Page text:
Top 5 Ways Airlines Are Cutting Costs
Skyrocketing oil prices have hit the airplane industry hard, as they are now being forced to find ways to cut costs, rather than increase ticket prices.
When any industry faces increased costs, jobs are the first to get cut. According to global outplacement firm Challenger, Gray, and Christmas, so far this year the airline industry has eliminated nearly 22,000 jobs, in comparison with 21,710 for the whole year of 2007.
"The industry faces its worst crisis since 9/11," U.S. Continental Airlines Chairman and Chief Executive Larry Kellner and President Jeff Smisek wrote as a pair in a letter to employees.
Get ready for boring travel. Many airlines will begin to cut the entertainment on flights.
US Airways announced that starting in November it will no longer provide any films to view on domestic flights. The entertainment system amounts to 500 lbs., adding to the overall weight and forcing its transportation to require an even larger amount of fuel.
In addition, the quality of meals, as well as comfort, will also more than likely begin to deteriorate.
Number of Winter Passengers
According to Dow Jones, Irish low-cost airline Ryanair Holdings (RYAAY) is planning to further trim its cost base by cutting 14 percent of flights from its most expensive airport, London Stansted.
In its statement made on July 17, Ryanair said it would cut the number of planes based at Stansted this winter by 25 percent, from 36 to 28. The number of weekly flights from the airport will fall 14 percent from 1,860 to 1,600. It said the reduction will decrease the number of passengers it carries from the airport by about 900,000 compared with last winter.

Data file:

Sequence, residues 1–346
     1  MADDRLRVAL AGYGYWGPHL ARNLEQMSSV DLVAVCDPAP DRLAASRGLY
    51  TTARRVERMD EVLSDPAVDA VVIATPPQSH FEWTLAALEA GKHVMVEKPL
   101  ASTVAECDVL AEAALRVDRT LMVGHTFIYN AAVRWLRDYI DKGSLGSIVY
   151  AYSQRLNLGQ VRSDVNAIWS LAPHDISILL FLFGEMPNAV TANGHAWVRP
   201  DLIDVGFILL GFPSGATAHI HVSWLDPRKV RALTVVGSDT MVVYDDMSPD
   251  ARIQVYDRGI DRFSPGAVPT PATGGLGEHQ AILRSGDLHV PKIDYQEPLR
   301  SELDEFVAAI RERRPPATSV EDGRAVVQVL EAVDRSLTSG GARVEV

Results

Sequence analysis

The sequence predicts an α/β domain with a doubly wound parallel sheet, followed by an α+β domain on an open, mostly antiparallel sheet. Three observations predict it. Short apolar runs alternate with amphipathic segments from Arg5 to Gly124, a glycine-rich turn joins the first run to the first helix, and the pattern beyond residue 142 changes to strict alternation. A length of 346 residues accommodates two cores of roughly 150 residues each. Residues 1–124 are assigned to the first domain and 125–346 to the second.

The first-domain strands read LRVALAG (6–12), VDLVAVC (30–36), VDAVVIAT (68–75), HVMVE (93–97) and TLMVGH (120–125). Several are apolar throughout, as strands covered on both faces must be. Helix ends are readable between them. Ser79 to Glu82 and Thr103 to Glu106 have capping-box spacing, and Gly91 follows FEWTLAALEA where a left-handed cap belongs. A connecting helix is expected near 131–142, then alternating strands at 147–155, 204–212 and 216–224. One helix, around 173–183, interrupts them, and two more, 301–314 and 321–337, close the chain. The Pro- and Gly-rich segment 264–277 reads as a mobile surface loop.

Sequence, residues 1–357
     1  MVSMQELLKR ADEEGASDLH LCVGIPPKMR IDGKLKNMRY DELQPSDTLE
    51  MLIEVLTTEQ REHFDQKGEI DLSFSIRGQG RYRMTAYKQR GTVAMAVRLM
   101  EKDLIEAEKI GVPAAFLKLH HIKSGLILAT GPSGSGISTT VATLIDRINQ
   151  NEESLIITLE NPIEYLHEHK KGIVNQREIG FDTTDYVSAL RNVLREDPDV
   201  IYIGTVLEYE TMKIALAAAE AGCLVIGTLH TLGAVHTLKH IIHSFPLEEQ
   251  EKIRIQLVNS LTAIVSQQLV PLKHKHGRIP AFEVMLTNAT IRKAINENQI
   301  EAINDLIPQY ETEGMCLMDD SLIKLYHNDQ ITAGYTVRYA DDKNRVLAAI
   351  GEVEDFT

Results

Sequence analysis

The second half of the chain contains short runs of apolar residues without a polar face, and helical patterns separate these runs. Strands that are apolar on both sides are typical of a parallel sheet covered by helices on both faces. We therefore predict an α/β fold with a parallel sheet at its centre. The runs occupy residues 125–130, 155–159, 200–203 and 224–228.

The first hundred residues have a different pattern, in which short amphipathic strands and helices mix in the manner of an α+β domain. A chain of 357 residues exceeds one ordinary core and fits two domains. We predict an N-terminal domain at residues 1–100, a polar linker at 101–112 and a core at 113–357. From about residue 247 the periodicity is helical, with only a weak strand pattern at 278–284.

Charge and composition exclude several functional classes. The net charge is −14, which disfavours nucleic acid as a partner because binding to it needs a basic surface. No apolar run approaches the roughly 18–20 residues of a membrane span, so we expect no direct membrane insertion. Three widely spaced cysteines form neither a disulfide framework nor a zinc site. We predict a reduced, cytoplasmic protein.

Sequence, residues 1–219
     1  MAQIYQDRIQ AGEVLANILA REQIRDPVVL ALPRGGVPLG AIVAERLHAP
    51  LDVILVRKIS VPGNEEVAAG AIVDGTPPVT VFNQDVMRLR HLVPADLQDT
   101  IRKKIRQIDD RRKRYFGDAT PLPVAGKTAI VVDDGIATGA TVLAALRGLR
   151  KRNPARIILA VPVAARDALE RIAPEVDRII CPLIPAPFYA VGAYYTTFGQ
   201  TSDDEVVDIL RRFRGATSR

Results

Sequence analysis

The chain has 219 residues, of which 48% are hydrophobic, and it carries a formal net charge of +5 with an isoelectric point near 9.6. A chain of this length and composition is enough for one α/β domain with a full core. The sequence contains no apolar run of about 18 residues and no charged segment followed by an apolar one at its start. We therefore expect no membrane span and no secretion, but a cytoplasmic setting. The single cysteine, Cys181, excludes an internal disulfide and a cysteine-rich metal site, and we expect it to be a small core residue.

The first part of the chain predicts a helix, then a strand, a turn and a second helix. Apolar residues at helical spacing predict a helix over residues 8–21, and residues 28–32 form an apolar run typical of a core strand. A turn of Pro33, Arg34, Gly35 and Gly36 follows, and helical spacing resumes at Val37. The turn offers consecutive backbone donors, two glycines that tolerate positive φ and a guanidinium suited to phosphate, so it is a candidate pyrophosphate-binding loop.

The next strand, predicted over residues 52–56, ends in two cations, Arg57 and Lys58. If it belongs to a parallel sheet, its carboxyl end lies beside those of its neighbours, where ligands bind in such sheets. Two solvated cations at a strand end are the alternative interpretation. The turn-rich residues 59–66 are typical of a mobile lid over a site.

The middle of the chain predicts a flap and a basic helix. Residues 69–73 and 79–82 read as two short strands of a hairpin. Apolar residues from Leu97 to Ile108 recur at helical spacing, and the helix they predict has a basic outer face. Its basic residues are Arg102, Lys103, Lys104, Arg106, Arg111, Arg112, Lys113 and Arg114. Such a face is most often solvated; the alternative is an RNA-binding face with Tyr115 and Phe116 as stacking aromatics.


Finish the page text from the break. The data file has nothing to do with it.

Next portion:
"Ryanair confirms that it will lose less money this winter by sitting these eight aircraft on the ground, rather than flying them at an expensive airport like BAA Stansted during the winter when fares are extremely low, but oil prices remain stubbornly high," the company said in its statement.
Although airlines are desperately trying to maintain fares, don't think they're not tacking on addition fees. Extra charges include, but are not limited to, booking fees, change-of-plan fees, airport improvement fees, pick-your-seat fees, curb-side check-in fees, baggage fees, paper ticket fees, in-flight amenities fees, fuel fees, and fees for redeeming vouchers.
As fuel prices continue to increase, weight-watching airlines are pushing more penalties on over-packed passengers. In September 2007, British Airways stopped accepting bags weighing more than 51 pounds.
The potential costs for an overweight bag range anywhere from $25 to $100, and anywhere from $10 to $80 per luggage exceeding the airline's checked-bag limit.
Retiring Old Aircrafts
Although not as many aircraft will take off this winter due to high oil prices, aerospace companies shouldn't worry. Many countries, such as the U.S., are seeking newer, updated aircraft models that are more fuel efficient to replace current ones.
"We (Engine-maker GE Aviation) are expecting record production for at least the next three years," David Joyce, CEO of GE Aviation explained at the 2008 Farnborough Air Show.
By using more gas-efficient aircrafts, less money will need to be spent on re-fueling.
Airlines will continue to find as many ways as possible to battle the fuel prices by cutting costs rather than raising airfare.
On July 8, MEP approved a compromised deal forcing all airlines flying to and from the EU to cut their carbon dioxide emissions.
Nuts picked from the Amazon rainforests helped Virgin Atlantic Airways fly a jumbo jet from London to Amsterdam, with one of its four fuel tanks filled with a blend, including coconut oil, producing less carbon dioxide than normal fuel jets.
"The airlines who will survive this period of higher oil prices and industry turndown are those with cheaper fuel efficient aircraft, lower costs, substantial cash balances, low net debt and management who are ready to exploit downturns to drive costs lower and increase efficiency," Chief Executive Michael O'Leary of Ryanair said.